Coffee Consumption And The Risk Of Malignant Melanoma In The Norwegian Women And Cancer (NOWAC) Study

Marko LUKIC, Faculty of Health Sciences, University of Norway - The Arctic University of Norway, Norway

1 Department of Community Medicine, Faculty of Health Sciences, University of Tromsų, The Arctic University of Norway, Tromsų, Norway

​Background  Numerous biologically active substances contained in coffee have been found to suppress carcinogenesis. Some new evidence has suggested a protective effect of coffee intake on risk of malignant melanoma. Coffee consumption habits among Norwegian women allow us to study the impact of heavy coffee intake on melanoma incidence. 
Methods Information on total and filtered coffee consumption was available from self-administered questionnaires for 104 080 women at baseline in the Norwegian Women and Cancer Study. We also included update information on coffee consumption collected 6-8 years after the baseline data collection. Multiple imputation was performed as a method for dealing with missing data in the cohort. Multivariable Cox regression models were used to calculate hazard ratios (HR) for malignant melanoma.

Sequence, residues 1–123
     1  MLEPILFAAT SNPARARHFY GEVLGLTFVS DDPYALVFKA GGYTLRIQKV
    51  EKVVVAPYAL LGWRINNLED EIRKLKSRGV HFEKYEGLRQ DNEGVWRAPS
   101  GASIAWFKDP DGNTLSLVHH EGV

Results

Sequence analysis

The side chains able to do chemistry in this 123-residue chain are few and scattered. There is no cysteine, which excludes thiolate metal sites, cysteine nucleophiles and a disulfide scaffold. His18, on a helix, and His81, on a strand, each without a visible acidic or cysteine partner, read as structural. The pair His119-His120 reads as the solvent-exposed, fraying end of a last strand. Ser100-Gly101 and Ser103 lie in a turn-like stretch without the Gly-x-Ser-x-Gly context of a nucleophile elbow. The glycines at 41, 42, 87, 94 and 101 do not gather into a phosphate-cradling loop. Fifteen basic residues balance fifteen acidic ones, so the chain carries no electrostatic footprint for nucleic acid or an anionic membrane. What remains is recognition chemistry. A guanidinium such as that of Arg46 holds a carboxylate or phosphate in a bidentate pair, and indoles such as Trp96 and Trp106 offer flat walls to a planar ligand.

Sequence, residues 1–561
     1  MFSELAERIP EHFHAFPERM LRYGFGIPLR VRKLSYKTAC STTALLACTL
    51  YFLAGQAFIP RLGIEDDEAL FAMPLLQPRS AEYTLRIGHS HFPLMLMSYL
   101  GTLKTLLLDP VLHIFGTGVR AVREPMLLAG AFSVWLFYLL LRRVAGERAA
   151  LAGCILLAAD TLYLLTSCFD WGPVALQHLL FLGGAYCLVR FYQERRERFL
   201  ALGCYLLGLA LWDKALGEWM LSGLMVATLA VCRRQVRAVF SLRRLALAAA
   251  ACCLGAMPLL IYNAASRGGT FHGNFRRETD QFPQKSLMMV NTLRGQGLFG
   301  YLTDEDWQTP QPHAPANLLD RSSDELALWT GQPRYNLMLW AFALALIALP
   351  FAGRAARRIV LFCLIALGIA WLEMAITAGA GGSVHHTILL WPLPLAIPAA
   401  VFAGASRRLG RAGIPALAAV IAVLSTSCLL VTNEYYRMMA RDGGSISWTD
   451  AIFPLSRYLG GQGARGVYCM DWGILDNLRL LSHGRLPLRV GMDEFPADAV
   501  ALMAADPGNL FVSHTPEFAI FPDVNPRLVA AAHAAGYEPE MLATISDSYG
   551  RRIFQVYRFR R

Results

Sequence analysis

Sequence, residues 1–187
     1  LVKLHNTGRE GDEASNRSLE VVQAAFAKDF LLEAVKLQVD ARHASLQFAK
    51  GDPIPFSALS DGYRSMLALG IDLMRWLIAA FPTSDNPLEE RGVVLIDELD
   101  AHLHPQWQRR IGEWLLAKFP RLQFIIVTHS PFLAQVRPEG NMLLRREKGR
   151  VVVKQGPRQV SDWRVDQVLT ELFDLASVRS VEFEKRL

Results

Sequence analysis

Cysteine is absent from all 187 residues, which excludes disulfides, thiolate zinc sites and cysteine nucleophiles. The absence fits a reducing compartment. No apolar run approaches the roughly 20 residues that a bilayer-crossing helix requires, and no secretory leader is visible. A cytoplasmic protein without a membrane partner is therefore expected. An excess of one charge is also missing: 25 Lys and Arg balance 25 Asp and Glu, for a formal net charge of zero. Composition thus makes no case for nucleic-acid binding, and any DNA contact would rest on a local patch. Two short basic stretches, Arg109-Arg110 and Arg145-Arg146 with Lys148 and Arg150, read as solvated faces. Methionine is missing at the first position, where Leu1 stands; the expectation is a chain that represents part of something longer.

Results During more than 1.7 million person-years, a total of 762 cases of malignant melanoma were identified. We found a statistically significant inverse association between low moderate (more than 1 and up to 3 cups/day)  and high moderate (more than 3 and up 5 cups/day) filtered coffee consumption and the melanoma risk compared to light consumers (≤1 cup/day) (HR=0.81; 95% CI 0.66-0.99, HR=0.77; 95% CI 0.61-.98, respectively; ptrend=0.02). We did not find any statistically significant association between overall coffee intake and the risk of malignant melanoma in any of the consumption categories (>5 cups/day vs ≤1 cup/day HR=0.88; 95% CI 0.67-1.14, ptrend=0.20).
Conclusion The data from the NOWAC study indicate that the moderate intake of filtered coffee could reduce the risk of malignant melanoma.